Harriet and Vesey meet when they are teenagers, and their love is as intense and instantaneous as it is innocent. But they are young. All life still lies ahead. Vesey heads off hopefully to pursue a career as an actor. Harriet marries and has a child, becoming a settled member of suburban society. And then Vesey returns, the worse for wear, and with him the love whose memory they have both sentimentally cherished, and even after so much has happened it cannot be denied. But things are not at all as they used to be. Love, it seems, is hardly designed to survive life.
One of the finest twentieth-century English novelists, Elizabeth Taylor, like her contemporaries Graham Greene, Richard Yates, and Michelangelo Antonioni, was a connoisseur of the modern world’s forsaken zones. Her characters are real, people caught out by their own desires and decisions, and they demand our attention. The bestilled suburban backwaters she sets out to explore shimmer in her books with the punishing clarity of a desert mirage.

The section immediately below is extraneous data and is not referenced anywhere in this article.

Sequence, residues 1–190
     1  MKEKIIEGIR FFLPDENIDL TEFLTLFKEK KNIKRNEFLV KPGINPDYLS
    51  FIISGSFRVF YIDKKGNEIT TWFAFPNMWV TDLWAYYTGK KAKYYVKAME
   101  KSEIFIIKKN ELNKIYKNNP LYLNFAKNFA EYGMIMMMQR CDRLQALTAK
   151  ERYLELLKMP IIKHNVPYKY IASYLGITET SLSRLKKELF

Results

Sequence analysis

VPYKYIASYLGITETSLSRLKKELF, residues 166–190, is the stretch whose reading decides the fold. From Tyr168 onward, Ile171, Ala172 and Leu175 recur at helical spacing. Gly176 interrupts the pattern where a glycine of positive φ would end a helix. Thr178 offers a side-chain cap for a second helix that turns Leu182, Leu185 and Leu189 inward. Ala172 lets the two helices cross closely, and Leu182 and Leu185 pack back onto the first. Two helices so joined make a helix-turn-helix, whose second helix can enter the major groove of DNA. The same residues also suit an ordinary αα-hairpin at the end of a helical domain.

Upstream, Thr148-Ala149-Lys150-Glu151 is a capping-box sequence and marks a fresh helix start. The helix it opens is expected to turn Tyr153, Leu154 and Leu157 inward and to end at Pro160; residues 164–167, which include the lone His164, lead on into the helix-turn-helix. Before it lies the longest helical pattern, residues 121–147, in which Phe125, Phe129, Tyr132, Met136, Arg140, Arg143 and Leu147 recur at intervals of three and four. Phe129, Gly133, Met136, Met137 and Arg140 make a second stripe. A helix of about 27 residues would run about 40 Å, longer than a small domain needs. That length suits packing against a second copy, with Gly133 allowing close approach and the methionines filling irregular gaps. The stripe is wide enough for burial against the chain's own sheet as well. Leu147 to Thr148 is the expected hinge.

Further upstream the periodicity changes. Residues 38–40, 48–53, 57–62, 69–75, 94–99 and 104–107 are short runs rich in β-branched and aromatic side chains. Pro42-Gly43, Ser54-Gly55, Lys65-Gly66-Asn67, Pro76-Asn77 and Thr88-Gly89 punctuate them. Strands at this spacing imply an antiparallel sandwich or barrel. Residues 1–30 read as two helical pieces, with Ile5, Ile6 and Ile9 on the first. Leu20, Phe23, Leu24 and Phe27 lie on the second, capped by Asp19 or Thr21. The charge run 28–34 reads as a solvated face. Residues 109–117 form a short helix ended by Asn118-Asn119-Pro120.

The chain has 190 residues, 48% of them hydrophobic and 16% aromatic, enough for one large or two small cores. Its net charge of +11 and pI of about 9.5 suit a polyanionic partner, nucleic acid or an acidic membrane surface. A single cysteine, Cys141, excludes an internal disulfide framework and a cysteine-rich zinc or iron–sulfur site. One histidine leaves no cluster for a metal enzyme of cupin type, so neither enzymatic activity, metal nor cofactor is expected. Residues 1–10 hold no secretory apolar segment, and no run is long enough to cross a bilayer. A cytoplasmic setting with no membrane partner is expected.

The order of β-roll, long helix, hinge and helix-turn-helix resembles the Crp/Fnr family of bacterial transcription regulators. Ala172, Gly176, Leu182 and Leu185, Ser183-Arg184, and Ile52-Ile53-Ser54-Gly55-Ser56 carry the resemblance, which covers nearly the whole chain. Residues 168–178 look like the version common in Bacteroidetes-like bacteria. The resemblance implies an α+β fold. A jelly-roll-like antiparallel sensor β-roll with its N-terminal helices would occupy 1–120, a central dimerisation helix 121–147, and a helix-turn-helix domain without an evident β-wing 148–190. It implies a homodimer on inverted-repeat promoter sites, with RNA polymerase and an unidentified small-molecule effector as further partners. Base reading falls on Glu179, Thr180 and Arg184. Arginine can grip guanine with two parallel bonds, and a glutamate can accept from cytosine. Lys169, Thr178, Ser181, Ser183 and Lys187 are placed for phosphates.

Taylor has the genius of making her characters understood, sometimes with an almost frightening clarity, perhaps because she is compassionate as well as relentless in her delineation of them. —The New York Times
Funny, savage and full of loneliness and suppressed emotion. —Rachel Cooke, The Observer
It is time that justice was done to Elizabeth Taylor… All her writings could be described as coming into the category of comedy. Comedy is the best vehicle for truths that are too fierce to be borne. —Anita Brookner
Elizabeth Taylor is finally being recognized as an important British author: an author of great subtlety, great compassion and great depth. As a reader, I have found huge pleasure in returning to Taylor’s novels and short stories many times over. As a writer I’ve returned to her too—in awe of her achievements, and trying to work out how she does it. —Sarah Waters